As revenue-hungry American states rev up their gambling industry, they might want to take a look at Hungary.
After the fall of communism in the early 1990’s, Hungary liberalized its gaming industry. Slot machines popped up in pubs, cafes and gaming parlors.
But this week the office of Prime Minister Viktor Orban announced his government would ban slots across the country, with the exception of those in Hungary’s three casinos.
Why? Because, according to State Secretary Janos Lazar, slot machines are dangerous and have ruined tens of thousands of Hungarian lives.
It’s not clear the government’s motives are totally sincere. Orban, a former democratic activist, has displayed worryingly authoritarian tendencies since taking power in 2010. A Hungarian political analyst told the Associated Press that the government might be trying to centralize all gambling activity under its control. Lazar also claimed slots are a threat to his country’s “national security,” but did not explain how.
Even so, Hungary’s decision is worth paying attention to in America.
In the midst of budget crises, many states have legalized or expanded slots over the last few years, including New York, Illinois, Florida, and Pennsylvania. In November, Marylanders will vote on whether or not to expand slots and other forms of gambling. And Ohio will soon introduce slots in its four casinos, despite a study by the state’s Lottery Commission concluding the machines could put nearly four percent of Ohioans at risk of gambling addiction.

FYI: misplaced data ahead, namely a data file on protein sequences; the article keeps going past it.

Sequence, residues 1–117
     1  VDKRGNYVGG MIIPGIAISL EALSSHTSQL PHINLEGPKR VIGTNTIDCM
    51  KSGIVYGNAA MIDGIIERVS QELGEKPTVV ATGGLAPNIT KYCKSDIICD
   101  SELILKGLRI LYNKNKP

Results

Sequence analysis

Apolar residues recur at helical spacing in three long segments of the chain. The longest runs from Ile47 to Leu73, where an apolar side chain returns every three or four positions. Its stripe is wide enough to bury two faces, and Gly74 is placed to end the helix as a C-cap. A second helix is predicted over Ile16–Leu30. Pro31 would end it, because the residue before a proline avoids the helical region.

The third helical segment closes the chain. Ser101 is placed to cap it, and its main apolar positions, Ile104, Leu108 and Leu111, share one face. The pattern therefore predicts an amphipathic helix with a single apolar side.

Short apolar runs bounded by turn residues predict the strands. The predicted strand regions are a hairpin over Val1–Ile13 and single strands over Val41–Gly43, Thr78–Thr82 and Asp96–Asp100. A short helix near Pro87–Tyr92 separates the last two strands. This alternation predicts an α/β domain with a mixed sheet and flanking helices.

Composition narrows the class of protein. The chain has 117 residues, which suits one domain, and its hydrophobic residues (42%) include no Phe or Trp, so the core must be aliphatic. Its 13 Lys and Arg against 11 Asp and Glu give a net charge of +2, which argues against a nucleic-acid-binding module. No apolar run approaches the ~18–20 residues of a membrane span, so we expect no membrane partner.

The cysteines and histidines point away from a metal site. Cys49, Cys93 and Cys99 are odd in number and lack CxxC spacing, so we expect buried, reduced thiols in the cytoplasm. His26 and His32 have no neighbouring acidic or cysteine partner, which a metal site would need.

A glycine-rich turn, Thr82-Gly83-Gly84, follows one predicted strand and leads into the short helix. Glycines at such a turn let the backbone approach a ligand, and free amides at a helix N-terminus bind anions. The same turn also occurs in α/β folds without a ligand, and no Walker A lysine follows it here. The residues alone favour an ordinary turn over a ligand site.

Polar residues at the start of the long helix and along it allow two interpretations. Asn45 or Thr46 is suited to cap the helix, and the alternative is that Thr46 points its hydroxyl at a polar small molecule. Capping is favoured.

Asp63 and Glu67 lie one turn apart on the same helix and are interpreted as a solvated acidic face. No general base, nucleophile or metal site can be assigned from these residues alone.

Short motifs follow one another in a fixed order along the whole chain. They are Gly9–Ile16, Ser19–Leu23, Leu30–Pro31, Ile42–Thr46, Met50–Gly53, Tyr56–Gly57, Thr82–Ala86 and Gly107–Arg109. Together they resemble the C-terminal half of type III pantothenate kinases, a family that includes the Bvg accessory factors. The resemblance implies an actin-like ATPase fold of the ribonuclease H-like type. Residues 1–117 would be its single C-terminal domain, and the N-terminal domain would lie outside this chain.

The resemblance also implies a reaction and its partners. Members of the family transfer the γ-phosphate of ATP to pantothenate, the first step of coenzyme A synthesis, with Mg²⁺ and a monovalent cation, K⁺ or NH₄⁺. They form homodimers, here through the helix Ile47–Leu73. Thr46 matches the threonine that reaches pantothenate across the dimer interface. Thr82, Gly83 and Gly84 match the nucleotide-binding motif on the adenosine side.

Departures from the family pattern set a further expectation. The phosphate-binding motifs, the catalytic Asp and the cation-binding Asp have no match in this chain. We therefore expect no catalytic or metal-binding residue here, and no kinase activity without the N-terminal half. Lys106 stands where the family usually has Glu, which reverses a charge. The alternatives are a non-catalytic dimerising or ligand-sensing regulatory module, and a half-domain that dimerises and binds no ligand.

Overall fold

When slots were legalized last year in Massachusetts, Latitude News’ home state, we wanted to learn more about the machines, which are truly a global phenomenon. One of our readers sent us this tweet in response to our piece on a proposed casino in Foxboro, MA:
Well, Martha, for slots there’s no better place to turn than Australia.
Pokies Down Under
Aussies love a wager. Last year they spent around $23 billion on gambling, the highest per capita in the world. At least half of that was bet on slots, or “pokies,” as Australians call them— it’s short for poker machines. The country currently has more than 200,000 machines in at least 1,500 different venues. That’s a fifth of the world’s total.
“They’re ubiquitous,” Christopher McAuliffe, Visiting Professor of Australian Studies at Harvard University, told Latitude News. “They’re in local bars, clubs, hotels. If I walked out my front door [in Melbourne], a hundred yards down the street there would be a pub and a room with maybe 30 electronic gambling machines.”
But these contraptions aren’t the one-armed bandits of yore, where you pull a creaky handle and hope for three-of-a-kind. Modern slots are like flashy, hi-tech video games that play music and scenes from TV shows. Some let you place a bet every three-and-a-half seconds.
The “Crack Cocaine” of Gambling?
People who gamble on slots do it even though they’re almost guaranteed to lose. Playing the “pokies” isn’t like sitting down to a game of blackjack or seven-card stud, where you know the odds and have a reasonable idea of what the house is holding.
A slot machine is more like a coin flip. Nothing you can do will change your chance of winning. In Australia, pokies are guaranteed by law to pay out 87 percent of what you put in. Yes, that means if you put in a hundred dollars, you’re promised eighty-seven back.
The house keeps the difference.
“In all but the most extraordinary cases, winning [over the long term] is impossible. But the random nature of these machines makes people think they’re just one twirl away from a jackpot,” said Dr. Alex Blaszczysnki, head of the School of Psychology at the University of Sydney and an expert on gambling behavior, in an interview with Latitude News.